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If you or a family member takes multiple prescribed medications, it can be a major task to safely manage proper dosages, dosing schedules, and refills. Retail pharmacies have developed services like medication reviews and reconciliation and bubble packaging to help individuals and families safely manage their prescriptions.

Jeff Cushman, a pharmacist at Hometown Pharmacy in Neenah, knows these services can significantly increase patient safety, convenience, and cost-savings. Some pharmacies perform these services for free, and others charge a relatively small fee. “We can help people with complex medication schedules or those who simply have trouble remembering to take one or two pills,” he said. People to talk to their doctor or pharmacist about getting help with three things:

  1. Consolidate all of your prescriptions to one pharmacy. This is very important. Your pharmacist is a member of your health care team, and he or she must be aware of all drugs and supplements you are taking to be able to advise you about possible drug interactions or side effects. If you are using more than one pharmacy, no one pharmacist has a complete picture of your situation. As physicians, we partner with pharmacists and rely on them to contact us with concerns and suggestions about your prescriptions. If necessary, we work together to develop alternatives to address these concerns.
  2. Ask for a process called medication review and reconciliation, when your pharmacist will update and organize all of your medications. You bring in all your medicine bottles from all of your prescribers and your pharmacist will work with you and your doctors to set up the best dosing schedule for you. Your pharmacist will contact all of your doctors, determine if certain medicines are better taken during the day or at night, and set up your first fill so that all your refills are timed together, automatically, without your having to call each month. “This is a great convenience, because you won’t have different refill date for different prescriptions. You make just one trip to the pharmacy each month—or better yet, have them delivered to your house,” Cushman said.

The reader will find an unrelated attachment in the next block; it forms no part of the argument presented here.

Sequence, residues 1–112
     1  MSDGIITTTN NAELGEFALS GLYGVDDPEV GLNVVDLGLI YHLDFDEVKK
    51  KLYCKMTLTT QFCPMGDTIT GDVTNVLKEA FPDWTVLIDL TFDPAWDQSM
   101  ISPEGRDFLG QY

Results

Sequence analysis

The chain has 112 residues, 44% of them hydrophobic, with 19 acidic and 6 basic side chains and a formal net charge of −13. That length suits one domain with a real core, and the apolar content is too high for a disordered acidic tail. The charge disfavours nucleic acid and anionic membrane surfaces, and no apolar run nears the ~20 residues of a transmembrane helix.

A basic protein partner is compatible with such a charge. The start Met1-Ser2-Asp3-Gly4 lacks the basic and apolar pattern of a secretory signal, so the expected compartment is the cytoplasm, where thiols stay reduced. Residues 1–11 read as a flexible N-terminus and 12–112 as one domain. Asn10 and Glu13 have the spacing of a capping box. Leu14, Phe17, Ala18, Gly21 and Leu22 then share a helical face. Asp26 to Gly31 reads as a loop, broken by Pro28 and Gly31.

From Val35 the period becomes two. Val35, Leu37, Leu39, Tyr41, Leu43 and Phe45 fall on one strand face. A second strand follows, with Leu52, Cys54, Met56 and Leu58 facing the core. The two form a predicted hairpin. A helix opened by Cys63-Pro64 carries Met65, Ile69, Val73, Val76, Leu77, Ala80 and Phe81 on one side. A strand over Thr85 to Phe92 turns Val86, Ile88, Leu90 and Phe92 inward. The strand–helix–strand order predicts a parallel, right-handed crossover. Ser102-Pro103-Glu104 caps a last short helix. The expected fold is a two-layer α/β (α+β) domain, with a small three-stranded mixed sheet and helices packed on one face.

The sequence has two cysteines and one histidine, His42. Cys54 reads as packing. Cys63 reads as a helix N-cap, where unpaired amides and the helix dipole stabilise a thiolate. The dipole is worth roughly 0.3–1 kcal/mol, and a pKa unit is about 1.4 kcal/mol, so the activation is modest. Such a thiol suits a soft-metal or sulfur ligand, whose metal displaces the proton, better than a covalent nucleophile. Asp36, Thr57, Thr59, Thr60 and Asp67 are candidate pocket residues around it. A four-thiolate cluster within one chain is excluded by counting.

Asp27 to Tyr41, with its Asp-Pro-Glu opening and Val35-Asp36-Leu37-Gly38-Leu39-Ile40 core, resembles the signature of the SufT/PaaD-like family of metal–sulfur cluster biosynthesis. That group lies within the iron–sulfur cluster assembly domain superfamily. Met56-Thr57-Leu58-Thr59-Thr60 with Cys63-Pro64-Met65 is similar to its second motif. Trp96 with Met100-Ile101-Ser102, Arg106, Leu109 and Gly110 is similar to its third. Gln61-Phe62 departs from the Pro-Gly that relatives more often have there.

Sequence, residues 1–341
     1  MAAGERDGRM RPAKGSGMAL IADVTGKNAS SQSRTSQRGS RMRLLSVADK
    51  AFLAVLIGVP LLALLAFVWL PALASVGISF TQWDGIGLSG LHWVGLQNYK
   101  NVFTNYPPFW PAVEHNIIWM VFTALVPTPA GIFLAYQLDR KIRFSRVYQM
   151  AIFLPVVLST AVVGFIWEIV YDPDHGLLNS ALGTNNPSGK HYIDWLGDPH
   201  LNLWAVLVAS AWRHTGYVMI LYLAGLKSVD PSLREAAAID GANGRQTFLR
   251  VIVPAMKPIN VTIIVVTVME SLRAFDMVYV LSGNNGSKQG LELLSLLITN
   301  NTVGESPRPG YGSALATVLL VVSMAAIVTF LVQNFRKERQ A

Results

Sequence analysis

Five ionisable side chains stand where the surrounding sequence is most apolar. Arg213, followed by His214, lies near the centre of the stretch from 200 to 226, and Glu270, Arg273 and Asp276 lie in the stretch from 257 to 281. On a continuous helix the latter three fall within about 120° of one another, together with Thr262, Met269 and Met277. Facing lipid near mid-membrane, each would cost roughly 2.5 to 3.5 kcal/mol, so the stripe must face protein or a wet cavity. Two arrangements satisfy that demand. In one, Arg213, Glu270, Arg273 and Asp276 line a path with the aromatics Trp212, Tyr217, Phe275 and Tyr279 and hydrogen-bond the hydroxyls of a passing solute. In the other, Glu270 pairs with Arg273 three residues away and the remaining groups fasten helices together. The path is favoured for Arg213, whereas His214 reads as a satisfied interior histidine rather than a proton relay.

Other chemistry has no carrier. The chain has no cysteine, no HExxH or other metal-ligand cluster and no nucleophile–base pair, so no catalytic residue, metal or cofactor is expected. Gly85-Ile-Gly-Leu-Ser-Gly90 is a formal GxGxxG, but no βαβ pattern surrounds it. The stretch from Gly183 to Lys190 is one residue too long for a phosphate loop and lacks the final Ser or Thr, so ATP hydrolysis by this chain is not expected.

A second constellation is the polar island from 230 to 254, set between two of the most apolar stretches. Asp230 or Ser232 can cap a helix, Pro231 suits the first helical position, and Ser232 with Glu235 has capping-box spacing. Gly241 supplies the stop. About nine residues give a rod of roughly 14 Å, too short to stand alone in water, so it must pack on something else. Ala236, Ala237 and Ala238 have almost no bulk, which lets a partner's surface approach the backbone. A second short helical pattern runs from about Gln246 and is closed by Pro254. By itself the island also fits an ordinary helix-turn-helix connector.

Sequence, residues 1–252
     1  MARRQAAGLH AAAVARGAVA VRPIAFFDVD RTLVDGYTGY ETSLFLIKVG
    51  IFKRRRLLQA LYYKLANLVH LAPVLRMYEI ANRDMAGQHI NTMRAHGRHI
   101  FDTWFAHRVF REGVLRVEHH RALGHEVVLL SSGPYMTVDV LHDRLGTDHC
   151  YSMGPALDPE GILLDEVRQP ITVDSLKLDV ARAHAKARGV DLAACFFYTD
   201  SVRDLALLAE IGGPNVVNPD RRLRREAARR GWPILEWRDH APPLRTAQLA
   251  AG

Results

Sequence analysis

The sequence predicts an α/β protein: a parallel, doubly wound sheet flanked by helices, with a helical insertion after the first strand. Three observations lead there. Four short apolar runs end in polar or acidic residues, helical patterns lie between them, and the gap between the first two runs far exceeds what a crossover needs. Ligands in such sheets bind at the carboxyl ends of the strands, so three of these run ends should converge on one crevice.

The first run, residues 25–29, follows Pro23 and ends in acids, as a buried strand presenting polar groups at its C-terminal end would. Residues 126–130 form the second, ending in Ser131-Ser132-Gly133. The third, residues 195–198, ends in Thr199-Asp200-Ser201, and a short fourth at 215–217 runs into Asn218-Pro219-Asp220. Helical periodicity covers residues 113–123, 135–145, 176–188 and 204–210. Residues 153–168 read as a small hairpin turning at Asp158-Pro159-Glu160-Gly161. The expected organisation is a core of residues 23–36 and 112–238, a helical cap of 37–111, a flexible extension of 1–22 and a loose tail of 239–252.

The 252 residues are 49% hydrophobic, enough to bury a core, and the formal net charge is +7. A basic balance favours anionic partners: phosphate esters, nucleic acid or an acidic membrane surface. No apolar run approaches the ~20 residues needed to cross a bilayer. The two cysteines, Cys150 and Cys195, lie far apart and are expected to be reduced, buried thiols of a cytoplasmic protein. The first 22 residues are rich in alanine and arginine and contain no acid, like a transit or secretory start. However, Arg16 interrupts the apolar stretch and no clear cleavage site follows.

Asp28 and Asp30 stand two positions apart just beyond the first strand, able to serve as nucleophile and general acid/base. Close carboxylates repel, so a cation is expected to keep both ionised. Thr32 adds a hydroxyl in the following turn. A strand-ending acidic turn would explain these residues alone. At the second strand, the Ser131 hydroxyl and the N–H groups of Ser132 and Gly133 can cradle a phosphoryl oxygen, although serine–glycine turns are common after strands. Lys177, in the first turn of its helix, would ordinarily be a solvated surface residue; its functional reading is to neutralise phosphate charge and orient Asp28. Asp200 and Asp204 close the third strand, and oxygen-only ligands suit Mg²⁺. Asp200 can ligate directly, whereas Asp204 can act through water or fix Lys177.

3. Request bubble packaging for anything from single prescriptions to complex medication combinations. Keep better track of whether or not you remembered to take your pills by simply checking whether or not the bubble pack for that dose is empty. Patients and their family members also save a lot of time and worry because they no longer have to count and sort pills into those pesky weekly pill sorters or make multiple trips to the pharmacy at different times of the month to pick up refills. (After medication reconciliation, all of your refills will occur on the same date so that your bubble packs can be prepared.) Even over-the-counter (OTC) medicine and supplements can be included, but you have to ask your prescriber to write a prescription for them. This gives your pharmacist permission to open the packages and generate the necessary labels for you.

Here is some more information about bubble packaging, when pills are packaged and labeled by individual dose. Depending on the pharmacy you use, there are different formats; however, they are all effective at keeping you safe, organized, and in compliance with your prescription’s dosage instructions.

Weekly packs, also known as 7-day cards, are when multiple pills are packaged together by the time of day they are taken. For instance, morning pills will be in one easy-to-open foil-backed bubble, and noon, evening, and bedtime doses are similarly prepared. The customer starts a new set of packaged meds each week.

Calendar cards include up to 31 days of doses of a particular medication or combination of medications. Patients may have multiple cards if they take multiple doses per day.

Depending on the equipment your pharmacy has, you may also see strip packaging, which is simply a different method of sorting and labeling your doses with your name, time of dose, and a listing of each medicine that is inside each single-dose packet.

Safe medication management is dependent on your pharmacist knowing about every medicine you take. When you consolidate all your prescriptions to one pharmacy, this opens the door to helpful services like bubble packaging and better communication with all of your prescribers. That’s an easy pill to swallow!

Dr. Schacht is family physician for ThedaCare Physicians-Appleton North and a member of the American Medical Association, Wisconsin Medical Society and American Academy of Physicians. She works hard to keep families healthy. Some of her interests outside of work include traveling, home improvement projects and gardening.